Concentration levels of men seem to be affected in a negative way by rock music, a study has found, while women seem to be largely unaffected by such music.
Researchers at Imperial College London and the Royal College of Music asked 352 visitors at the Imperial Festival to play the game Operation – a game that requires players to remove various body parts from a pretend patient while ensuring that the tweezers do not touch the metal sides of the body. The volunteers were required to play the game while hearing one of three tracks – Andante from Sonata for Two Pianos by Mozart, Thunderstruck by AC/DC, or the sound of an operating theatre.
The study found that men were negatively affected by rock music – AC/DC in this case – as they played the game at a much slower pace while also making more mistakes, compared to those men who listened to Mozart or the sound of an operating theatre. Thunderstruck triggered around 36 mistakes on average, while the Sonata and operating theatre noises caused 28. Women, however, did not seem to be distracted by the rock music, and none of the three tracks made any difference to performance or speed.
While the team isn’t entirely sure why rock music affected men more than women, one possible explanation could be that this particular kind of music causes more auditory stress – a state triggered by loud or discordant music – in men and hence affected concentration levels as well as performance during an activity.
Multiple studies have been carried out previously to understand how music helps people with medical conditions; how it helps in boosting concentration levels; and how it could help in work places and almost all studies agree that music has positive effect.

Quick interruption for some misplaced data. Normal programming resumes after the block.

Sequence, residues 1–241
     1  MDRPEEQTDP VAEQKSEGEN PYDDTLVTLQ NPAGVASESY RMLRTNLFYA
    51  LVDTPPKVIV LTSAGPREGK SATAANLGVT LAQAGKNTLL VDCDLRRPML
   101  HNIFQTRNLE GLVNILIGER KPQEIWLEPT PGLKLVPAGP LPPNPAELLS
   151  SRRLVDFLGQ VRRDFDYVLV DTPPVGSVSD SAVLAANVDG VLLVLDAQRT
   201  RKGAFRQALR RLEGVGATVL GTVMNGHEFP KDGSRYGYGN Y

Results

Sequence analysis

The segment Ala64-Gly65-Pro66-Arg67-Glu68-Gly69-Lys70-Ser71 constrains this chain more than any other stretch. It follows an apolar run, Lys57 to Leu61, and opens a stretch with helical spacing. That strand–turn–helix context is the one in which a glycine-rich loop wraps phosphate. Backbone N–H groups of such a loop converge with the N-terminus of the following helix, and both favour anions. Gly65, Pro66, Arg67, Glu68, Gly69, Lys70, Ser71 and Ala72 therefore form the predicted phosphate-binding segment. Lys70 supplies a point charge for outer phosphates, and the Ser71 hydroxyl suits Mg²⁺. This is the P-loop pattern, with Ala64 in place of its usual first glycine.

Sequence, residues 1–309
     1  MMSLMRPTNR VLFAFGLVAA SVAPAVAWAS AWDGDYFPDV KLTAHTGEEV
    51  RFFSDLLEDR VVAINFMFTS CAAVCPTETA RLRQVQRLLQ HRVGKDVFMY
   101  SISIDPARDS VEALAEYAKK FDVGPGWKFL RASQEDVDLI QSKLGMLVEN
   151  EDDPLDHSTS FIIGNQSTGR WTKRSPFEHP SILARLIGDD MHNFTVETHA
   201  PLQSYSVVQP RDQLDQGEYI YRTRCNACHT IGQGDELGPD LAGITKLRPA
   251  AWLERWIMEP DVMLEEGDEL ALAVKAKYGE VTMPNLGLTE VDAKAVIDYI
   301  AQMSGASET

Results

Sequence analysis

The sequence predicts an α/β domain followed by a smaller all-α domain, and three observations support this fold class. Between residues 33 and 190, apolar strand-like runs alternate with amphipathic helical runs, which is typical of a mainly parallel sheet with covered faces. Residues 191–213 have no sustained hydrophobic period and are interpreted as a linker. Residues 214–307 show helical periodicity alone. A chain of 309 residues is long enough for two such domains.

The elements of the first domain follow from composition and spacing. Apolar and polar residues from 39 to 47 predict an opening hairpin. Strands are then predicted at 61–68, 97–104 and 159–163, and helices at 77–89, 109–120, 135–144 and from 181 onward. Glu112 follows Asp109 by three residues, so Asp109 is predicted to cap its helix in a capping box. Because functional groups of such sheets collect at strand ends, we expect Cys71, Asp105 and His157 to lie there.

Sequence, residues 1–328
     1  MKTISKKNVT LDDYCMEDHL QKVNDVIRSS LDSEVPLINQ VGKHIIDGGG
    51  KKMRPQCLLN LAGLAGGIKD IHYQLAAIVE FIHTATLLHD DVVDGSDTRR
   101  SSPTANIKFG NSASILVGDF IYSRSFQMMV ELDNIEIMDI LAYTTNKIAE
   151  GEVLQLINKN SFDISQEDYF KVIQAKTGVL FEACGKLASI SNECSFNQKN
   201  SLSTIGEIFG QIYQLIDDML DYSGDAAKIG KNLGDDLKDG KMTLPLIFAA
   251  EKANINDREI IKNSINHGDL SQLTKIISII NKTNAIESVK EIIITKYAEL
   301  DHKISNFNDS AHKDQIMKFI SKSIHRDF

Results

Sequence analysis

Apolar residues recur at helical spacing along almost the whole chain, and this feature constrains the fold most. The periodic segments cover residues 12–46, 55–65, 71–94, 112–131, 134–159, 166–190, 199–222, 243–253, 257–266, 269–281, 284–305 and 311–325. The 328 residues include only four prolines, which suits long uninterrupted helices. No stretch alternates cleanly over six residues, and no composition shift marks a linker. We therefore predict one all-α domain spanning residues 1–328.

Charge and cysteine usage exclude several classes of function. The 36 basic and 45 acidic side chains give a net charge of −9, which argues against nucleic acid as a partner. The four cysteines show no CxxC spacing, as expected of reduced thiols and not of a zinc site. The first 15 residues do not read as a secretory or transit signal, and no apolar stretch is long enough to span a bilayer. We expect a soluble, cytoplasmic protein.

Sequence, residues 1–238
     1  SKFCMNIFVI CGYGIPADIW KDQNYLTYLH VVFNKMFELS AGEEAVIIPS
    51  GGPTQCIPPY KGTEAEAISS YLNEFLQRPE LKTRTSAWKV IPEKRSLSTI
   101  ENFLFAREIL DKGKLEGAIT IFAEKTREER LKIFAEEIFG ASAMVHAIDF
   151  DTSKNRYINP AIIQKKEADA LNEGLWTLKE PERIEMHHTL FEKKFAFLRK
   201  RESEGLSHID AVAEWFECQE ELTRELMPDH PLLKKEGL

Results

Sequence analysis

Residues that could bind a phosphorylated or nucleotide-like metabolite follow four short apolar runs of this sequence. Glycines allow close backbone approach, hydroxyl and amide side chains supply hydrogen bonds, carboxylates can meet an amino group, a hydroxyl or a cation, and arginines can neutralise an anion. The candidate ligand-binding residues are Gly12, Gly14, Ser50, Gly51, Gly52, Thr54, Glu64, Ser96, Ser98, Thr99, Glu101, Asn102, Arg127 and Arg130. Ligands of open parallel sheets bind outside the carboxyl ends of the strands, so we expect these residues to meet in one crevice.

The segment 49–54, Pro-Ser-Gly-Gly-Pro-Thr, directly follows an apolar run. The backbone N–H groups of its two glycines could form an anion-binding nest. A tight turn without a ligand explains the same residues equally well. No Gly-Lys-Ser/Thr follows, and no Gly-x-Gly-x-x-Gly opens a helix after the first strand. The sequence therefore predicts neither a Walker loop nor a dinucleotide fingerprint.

According to a study published in Deutsches Ärzteblatt International in June earlier this year, classical music by Mozart and Strauss notably lowered blood pressure and heart rate, whereas no substantial effect was seen for the songs of ABBA. All musical genres resulted in notably lower cortisol concentrations. As far as cortisol concentrations were concerned, the sex of the participants likely played a part, because the drop in cortisol levels was more pronounced in men than in women, especially after exposure to the music of Mozart and Strauss. Comparison with the control group showed that the effect of music was far greater than that of silence.
A team at Cornell University found that music can have important effects on the cooperative spirits of those exposed to music in a workplace.
A study published in April by researchers at the University of Washington’s Institute for Learning & Brain Sciences (I-LABS) shows that a series of play sessions with music improved 9-month-old babies’ brain processing of both music and new speech sounds.